USNM 37311 Fucus irregularis Hollick  


Hollick (1930)

Pl. 1 Fig. 1



From Hollick (1930) (p. 37)

"Yukon River, north bank, just below Pickart's mine (original No. 3AH18b); collected by Arthur Hollick and Sidney Paige in 1903 (lot 3255)."


Locality Map



From Hollick (1930) (p. 37)

"Plate 1, Figure 1"

"Frond irregularly dichotomously branched; branches approximately 5 millimeters in width; subdivisions relatively long, the lower ones distinctly separated, the upper ones shorter and closer together and ultimately overlapping."



From Hollick (1930) (p. 37)

"This specimen is very much broken and in part dismembered, so that the size and shape of the complete frond can not be determined. There can be but little doubt, however, that it is a thallophyte, and apparently it was of considerable consistency, inasmuch as more or less carbonaceous matter is preserved in connection with it. Surface markings of any kind are lacking.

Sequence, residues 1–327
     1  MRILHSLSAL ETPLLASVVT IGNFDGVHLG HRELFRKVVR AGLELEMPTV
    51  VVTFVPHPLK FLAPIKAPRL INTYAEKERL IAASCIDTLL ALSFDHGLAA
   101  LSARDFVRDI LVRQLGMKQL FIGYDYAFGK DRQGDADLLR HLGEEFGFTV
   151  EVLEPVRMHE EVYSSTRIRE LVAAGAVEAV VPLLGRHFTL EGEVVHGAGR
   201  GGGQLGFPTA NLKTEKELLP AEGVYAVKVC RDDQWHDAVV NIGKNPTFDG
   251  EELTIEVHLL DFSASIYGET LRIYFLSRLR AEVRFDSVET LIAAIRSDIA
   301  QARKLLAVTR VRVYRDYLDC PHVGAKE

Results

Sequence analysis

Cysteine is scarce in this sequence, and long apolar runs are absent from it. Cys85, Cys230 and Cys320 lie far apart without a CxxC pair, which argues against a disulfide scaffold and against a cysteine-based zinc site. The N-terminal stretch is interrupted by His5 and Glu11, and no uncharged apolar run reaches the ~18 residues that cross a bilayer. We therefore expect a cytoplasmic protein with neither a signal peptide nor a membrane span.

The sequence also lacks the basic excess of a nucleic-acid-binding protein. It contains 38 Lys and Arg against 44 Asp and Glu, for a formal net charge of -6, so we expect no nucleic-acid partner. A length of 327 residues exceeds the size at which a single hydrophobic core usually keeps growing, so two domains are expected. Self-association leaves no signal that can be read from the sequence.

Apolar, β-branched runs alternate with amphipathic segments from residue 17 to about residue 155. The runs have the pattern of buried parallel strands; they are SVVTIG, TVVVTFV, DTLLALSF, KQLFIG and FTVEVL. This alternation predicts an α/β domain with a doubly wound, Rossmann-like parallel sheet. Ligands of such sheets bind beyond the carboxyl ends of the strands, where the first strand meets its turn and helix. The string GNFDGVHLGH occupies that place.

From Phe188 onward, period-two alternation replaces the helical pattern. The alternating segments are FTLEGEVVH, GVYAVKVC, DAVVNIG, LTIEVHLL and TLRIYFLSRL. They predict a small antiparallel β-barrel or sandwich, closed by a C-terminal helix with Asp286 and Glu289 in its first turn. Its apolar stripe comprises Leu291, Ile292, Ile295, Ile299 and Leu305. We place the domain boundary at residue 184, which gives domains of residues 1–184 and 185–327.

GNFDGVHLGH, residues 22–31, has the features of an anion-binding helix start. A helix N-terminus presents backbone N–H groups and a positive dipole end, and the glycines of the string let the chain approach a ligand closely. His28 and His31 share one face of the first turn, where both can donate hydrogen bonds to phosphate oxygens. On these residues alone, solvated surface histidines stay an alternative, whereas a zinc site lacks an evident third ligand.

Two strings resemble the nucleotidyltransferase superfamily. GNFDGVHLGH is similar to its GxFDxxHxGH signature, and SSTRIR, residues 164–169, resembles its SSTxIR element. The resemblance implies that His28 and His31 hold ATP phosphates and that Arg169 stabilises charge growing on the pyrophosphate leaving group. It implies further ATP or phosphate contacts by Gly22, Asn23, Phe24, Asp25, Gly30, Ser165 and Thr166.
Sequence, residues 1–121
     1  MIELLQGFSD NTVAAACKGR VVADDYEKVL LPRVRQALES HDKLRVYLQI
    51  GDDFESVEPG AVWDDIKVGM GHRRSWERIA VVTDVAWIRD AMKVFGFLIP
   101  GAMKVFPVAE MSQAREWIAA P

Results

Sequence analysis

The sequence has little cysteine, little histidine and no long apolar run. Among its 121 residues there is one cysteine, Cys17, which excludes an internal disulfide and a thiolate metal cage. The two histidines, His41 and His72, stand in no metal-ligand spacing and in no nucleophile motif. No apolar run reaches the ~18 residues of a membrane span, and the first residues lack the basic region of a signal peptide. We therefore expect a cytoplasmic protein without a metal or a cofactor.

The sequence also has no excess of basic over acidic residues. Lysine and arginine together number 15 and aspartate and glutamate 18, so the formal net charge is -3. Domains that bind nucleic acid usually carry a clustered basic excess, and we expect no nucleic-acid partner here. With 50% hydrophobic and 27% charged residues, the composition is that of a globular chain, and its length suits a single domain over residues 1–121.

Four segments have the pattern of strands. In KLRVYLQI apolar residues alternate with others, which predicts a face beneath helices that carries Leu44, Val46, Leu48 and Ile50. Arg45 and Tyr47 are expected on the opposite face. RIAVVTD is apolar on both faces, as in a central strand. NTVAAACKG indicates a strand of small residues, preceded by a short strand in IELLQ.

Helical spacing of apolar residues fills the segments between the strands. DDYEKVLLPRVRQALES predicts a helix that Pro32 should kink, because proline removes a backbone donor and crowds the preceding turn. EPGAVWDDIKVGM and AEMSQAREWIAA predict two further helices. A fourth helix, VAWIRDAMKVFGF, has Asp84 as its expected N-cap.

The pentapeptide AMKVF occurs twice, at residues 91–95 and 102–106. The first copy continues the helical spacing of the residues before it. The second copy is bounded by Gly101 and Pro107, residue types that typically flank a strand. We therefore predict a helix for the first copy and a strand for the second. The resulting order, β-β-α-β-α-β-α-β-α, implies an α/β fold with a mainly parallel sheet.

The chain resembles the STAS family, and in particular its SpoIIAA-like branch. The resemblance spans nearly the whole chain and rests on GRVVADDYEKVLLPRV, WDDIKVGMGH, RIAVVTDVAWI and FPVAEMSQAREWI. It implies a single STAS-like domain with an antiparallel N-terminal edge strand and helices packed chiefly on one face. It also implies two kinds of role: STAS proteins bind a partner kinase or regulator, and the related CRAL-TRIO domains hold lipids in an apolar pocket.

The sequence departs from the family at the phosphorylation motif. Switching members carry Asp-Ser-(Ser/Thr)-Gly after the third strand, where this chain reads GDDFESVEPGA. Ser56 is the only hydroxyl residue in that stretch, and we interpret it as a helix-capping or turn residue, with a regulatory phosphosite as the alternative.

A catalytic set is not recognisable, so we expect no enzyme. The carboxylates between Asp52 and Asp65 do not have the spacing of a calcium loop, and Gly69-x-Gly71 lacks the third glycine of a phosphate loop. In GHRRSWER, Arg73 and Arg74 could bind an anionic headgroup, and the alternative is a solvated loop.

The generic name Fucus is adopted for the reason that similar remains from Upper Cretaceous and lower Tertiary beds in the western United States have been descrbed and figured under the name Fucus lignitum Lesquereux (1878) (p. 42, pl. 61, figs. 24, 24a) (Ward, 1886) (p. 549, pl. 31, figs. 1, 2) (Knowlton, 1900) (p. 17, pl. 3, fig. 4) and our specimen appears to represent merely a larger species, of coarser or more vigorous habit. It also resembles remains described under the names Chondrites bulbosis Lesquereux (1873; 1878) (p. 373; p. 42, pl. 1, fig. 14) from the Vermejo formation of northeastern New Mexico, and Chrondrites filiciformis Lesquereux (1888 [1889]) (p. 32, pl. 16, fig. 1)
from the Jurassic of Cape Lisburne, Alaska."